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Filed under baking, bread, cooking, how to, sourdough

Free food from nature: Apple-cheddar pie

The house we rent has the most miraculous apple tree. Last year, we harvested buckets and buckets of huge red-green apples. They grew so tightly on the branch that, in removing one, three or four more would fall to the ground. There were too many even for the worms to keep up with. At the end of the harvest, though, the gardener came by and pollarded its branches back to the quick and, I’m sorry to say, this year there were no apples. I’ve been obsessively monitoring and scavenging other peoples, and finding ways to use any and all that come to me so as not to waste the resource (although I understand that returning to the soil and providing food for animals are also legitimate uses of the resource). It helps that it’s the Jewish New Year, for which, at least in the Eastern European tradition, eating apples is auspicious for a round and sweet year to come. And I enjoy the English pride in local heirloom apple varieties, similar to what I grew up with in the northeastern US, and with some overlap – but I’ve barely begun to scratch the surface of tasting all the colorfully named fruits.

One of my favourite ways to eat apples is with sharp cheddar. I’d be happy to make a daily habit of lunch consisting of alternating slices of apple and cheese. But variety is good, too, and baked goods are another perfectly good way to eat up a glut (whatever that is) of apples and, if you’re so lucky, cheese. Hence this pie, based on Williams-Sonoma’s recipe. I like to use a good Canadian or Welsh cheddar as many of the cheaper English varieties have a certain flavour-note that I don’t get on with. Fortunately my mother-in-law’s tree was heaving with apples this year, so when we brought her back to Cambridge – with a bucketful – it seemed like a good opportunity to try the recipe which, while a bit long and fiddly, benefits from the detail.

With its crisp, flaky, cheesy crust and melting apples, this pie did not last long.

Apple-cheddar pie

Ingredients:
For the dough:
315 g (2.5 cups) plain (all-purpose) flour
2 tsp salt
1 Tbs sugar
170 g sharp cheddar cheese, finely grated
225 g (2 sticks) frozen unsalted butter, cut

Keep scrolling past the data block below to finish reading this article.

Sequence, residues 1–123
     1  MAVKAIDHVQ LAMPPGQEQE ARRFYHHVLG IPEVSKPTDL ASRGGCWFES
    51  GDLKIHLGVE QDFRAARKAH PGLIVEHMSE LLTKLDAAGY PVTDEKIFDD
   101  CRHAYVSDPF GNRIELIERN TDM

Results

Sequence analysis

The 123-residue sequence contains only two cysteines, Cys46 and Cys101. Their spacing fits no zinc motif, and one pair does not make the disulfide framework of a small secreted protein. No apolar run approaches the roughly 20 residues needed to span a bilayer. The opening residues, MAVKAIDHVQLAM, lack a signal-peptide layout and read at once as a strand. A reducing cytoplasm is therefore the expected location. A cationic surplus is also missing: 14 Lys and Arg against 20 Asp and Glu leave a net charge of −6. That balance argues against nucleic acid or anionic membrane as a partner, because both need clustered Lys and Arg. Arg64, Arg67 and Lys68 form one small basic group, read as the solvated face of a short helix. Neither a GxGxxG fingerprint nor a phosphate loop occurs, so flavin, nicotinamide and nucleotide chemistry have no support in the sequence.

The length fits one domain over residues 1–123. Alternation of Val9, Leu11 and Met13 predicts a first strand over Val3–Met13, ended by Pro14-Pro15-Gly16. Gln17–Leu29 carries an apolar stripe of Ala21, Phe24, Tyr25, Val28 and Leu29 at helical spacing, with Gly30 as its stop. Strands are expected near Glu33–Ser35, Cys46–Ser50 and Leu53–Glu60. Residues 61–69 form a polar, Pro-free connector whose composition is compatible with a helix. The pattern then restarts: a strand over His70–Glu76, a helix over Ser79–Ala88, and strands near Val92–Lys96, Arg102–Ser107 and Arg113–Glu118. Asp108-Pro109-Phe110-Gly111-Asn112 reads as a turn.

into 1/2-inch dice
75 to 120 ml (1/3 to 1/2 cup) ice water
For the filling:
1.75 kg (3.5 lbs) cooking apples, peeled, cored and cut
 into slices 1/4 inch thick
1 1/2 lb. Granny Smith apples, peeled, cored 
 and cut into slices 1/4 inch thick
3/4 cup sugar
1 Tbsp fresh lemon juice
3/4 tsp ground cinnamon
1/4 tsp nutmeg
1/4 tsp salt
1 Tbsp unsalted butter
3 Tbsp cornstarch
2 Tbsp cream

Directions:
Dough:
In the food processor bowl – without processing, yet – add the flour, salt, sugar and cheddar, breaking apart any large clumps of cheese. Put the diced butter on top and put bowl in the freezer for 10 min.

When the mixture is chilled, return the bowl to the machine and pulse until combined, about 25 to 30 pulses. Add 1/3 cup of the ice water and pulse twice. The dough should hold together when squeezed with your fingers. If it is crumbly, add 1 Tbsp more water at a time, pulsing twice after each. Divide dough in half and shape each half into a disk. Wrap the disks separately in cling film and refrigerate for a good hour or more; the dough is much easier to work with if quite cold.

Filling:
While preparing your apples, have lemon juice ready in the bottom of a large bowl, and toss the slices in the lemon juice as you go along. Add sugar, cinnamon, nutmeg and salt, and stir to combine. Let stand at room temperature for 30 minutes to 1 hour.

Rolling out the bottom crust:
While the apples etc. are macerating, remove one dough disk from the refrigerator. Flour a smooth work surface. Peel back the cling film partway, and place dough on the work surface. With the cling film on top, roll the dough into a 12-inch round about 3/16 inch thick, evening out by hand any uneven edges. Scraping it up if you need to, drape the rolled-out dough onto your rolling pin; transfer it to an ungreased pie dish and press into the dish Trim the edges if needed to leave a 1/2-inch overhang. Cover with plastic wrap and chill for 30 minutes.

Preheat oven to 200°C (400°F).

Filling, continued: